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Thursday, 26 March 1987
Page: 1367

Senator GIETZELT (Minister for Veterans' Affairs)(11.11) —In concluding the debate on the Lemonthyme and Southern Forests (Commission of Inquiry) Bill, I would like to acknowledge the very many constructive comments made by my colleagues and by Australian Democrat senators. The matter, of course, has excited some public debate. However, the matter of environmental protection of the world heritage area and the adjoining National Estate area in Tasmania is of great public concern and should be the concern of the national Parliament, and indeed is. I regret to say, however, that the debate has also brought out several misunderstandings about the purpose of the Bill, despite its essentially simple purpose. I have to say, in respect of the last contribution, that it was obviously short on logic and long on rhetorical nonsense.

It is clear that the simplicity of the Bill was not understood by many of the Opposition senators who have spoken. Much of the comment from Opposition senators ignored the fact that the purpose of the Bill is simply to establish an objective and well informed inquiry, and therefore it should be supported by the Parliament. It will provide the basis for resolving the long-standing and contentious issue that the Government accepts, and the community accepts, exists in achieving a responsible balance between forestry operations and the protection of the world heritage values in western Tasmania. Opposition senators, almost without exception, have quite improperly ignored the facts that the inquiry will take only a short period, that only small areas will be directly affected, and that reasonable arrangements will be made for compensation should genuine losses occur. So the Government is aware of its responsibilities in this matter. The results of the inquiry will be considered on their merits by the Government in due course. No one can anticipate the outcome of the inquiry at this time. It is quite improper to imply, as some Opposition senators have, that the results will be in any way predetermined.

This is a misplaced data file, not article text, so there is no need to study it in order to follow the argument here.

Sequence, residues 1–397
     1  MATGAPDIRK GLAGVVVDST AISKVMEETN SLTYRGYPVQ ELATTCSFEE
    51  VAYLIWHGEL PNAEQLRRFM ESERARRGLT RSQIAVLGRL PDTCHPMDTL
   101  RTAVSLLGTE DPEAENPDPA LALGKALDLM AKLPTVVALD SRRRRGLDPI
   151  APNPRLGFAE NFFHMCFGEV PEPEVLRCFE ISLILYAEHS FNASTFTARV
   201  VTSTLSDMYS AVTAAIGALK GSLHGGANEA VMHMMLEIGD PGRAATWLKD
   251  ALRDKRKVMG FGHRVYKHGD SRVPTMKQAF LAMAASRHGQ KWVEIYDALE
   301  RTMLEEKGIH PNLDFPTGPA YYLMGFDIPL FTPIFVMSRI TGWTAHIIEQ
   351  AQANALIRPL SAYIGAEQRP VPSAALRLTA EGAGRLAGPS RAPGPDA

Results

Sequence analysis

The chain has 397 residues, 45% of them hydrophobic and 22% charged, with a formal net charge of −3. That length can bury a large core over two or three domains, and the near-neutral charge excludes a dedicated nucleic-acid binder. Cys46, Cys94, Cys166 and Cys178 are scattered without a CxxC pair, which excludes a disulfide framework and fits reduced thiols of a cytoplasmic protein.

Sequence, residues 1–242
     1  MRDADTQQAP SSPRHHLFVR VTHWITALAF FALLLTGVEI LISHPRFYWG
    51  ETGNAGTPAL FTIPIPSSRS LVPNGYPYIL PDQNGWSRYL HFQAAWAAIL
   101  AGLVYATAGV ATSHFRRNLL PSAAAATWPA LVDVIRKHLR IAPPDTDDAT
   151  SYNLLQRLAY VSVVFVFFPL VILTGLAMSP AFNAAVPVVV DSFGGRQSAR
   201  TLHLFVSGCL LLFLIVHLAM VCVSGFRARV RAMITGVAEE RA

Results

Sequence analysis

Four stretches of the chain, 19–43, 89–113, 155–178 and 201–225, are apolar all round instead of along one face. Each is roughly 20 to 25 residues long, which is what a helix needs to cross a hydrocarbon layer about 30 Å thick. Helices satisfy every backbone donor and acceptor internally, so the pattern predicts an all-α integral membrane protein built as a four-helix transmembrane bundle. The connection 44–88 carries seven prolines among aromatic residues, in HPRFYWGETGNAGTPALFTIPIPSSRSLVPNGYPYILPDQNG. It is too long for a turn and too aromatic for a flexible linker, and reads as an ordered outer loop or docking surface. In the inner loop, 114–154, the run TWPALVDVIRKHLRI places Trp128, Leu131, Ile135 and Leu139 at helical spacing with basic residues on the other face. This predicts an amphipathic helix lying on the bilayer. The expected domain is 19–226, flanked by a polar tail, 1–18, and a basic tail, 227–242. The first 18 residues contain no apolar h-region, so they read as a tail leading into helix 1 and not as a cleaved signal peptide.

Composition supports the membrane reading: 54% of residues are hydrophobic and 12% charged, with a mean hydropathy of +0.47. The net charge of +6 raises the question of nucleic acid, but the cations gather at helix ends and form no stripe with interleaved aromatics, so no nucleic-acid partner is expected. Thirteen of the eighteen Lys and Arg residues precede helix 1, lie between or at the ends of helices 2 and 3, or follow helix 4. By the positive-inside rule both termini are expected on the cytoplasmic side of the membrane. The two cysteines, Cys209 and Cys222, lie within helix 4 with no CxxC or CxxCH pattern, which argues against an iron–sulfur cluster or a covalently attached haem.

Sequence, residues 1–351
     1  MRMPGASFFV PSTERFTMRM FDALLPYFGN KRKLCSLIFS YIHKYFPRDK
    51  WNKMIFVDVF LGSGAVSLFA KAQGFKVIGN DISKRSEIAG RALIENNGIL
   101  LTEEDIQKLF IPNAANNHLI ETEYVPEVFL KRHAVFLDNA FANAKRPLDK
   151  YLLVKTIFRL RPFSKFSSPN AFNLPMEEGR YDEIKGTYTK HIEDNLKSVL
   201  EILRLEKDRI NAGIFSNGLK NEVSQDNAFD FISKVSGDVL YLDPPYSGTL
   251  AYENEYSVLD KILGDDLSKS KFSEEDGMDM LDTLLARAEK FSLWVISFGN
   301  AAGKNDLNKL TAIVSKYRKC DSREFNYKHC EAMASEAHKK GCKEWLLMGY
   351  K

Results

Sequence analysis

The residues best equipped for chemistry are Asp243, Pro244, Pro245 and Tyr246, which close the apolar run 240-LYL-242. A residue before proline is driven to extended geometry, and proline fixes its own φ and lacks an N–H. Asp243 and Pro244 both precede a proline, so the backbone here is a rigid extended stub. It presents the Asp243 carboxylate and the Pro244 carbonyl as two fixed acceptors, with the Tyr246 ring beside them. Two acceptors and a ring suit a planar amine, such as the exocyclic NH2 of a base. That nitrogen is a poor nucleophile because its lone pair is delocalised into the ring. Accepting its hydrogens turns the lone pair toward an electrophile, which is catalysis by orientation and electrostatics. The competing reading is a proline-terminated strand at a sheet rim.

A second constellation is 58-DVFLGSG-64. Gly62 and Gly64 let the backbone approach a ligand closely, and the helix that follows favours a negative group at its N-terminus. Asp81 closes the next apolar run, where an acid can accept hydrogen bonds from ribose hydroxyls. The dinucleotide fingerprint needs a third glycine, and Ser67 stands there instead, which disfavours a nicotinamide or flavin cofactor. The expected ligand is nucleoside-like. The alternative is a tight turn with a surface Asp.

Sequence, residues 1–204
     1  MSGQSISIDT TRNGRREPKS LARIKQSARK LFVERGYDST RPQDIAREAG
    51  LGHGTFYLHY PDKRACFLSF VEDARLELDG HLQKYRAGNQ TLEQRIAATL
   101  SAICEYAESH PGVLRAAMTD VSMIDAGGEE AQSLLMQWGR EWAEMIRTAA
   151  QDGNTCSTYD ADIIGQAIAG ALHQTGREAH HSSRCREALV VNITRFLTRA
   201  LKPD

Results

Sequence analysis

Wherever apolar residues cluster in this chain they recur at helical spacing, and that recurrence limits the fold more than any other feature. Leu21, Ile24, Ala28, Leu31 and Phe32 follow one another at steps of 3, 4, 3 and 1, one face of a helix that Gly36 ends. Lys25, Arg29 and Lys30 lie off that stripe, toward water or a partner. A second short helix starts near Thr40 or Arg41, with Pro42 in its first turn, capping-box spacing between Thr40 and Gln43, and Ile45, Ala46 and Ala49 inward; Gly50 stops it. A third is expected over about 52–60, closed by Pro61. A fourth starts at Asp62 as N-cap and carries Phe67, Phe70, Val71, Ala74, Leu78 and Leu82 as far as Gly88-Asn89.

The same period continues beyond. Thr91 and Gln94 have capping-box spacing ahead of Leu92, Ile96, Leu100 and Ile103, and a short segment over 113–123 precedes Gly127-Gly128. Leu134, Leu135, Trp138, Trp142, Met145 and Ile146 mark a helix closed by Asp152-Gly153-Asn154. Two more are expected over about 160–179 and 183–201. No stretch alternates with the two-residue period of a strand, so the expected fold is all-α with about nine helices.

Senator Messner —It is window dressing.

Senator GIETZELT —Opposition senators can have their prejudices and their views, but there is no question that there are differences that need to be resolved and circumstances and interests to be examined. The Government makes no apology for going down that track.

It has been suggested that this legislation is an unwarranted intrusion into Tasmania's affairs. That is an absurd proposition. The Commonwealth Government has areas of responsibility and is prepared to invoke powers in relation to them. Clearly, there would have been no need for the Commonwealth's involvement if the Tasmanian Government had fully and openly explored options for reconciling forestry and heritage interests and had gained public acceptance for suitable arrangements. I need hardly say that this has not been the case. It has therefore become necessary for the national Parliament to legislate in the national interest. It makes no apologies for accepting that responsibility.

This Government has the responsibility to honour Australia's international commitments under the World Heritage Convention to identify and, if necessary, protect areas of outstanding universal value. That is the purpose of the Bill. I find it very difficult to comprehend the Opposition stand. Would the Opposition have a different attitude in respect of any attempts to interfere with the natural heritage of the Great Barrier Reef? Of course, it would have a different attitude. It would, therefore, apply different values to different areas instead of having a universal principled position.

Many Opposition speakers have completely overstated the possible effects of this Bill on industry and employment. I must stress, and the Government must stress, that current operations outside the protected area will continue during the inquiry. The employment effects, therefore, will be small and localised. If there is a need for temporary adjustments in the industry while the inquiry is in progress, compensation will be made available. What could be fairer than that approach that the Government is prepared to take? The arrangements between the Commonwealth and Tasmania in the memorandum of understanding on woodchip exports have been misrepresented. One must almost come to the conclusion that there may have been a deliberate attempt to do so.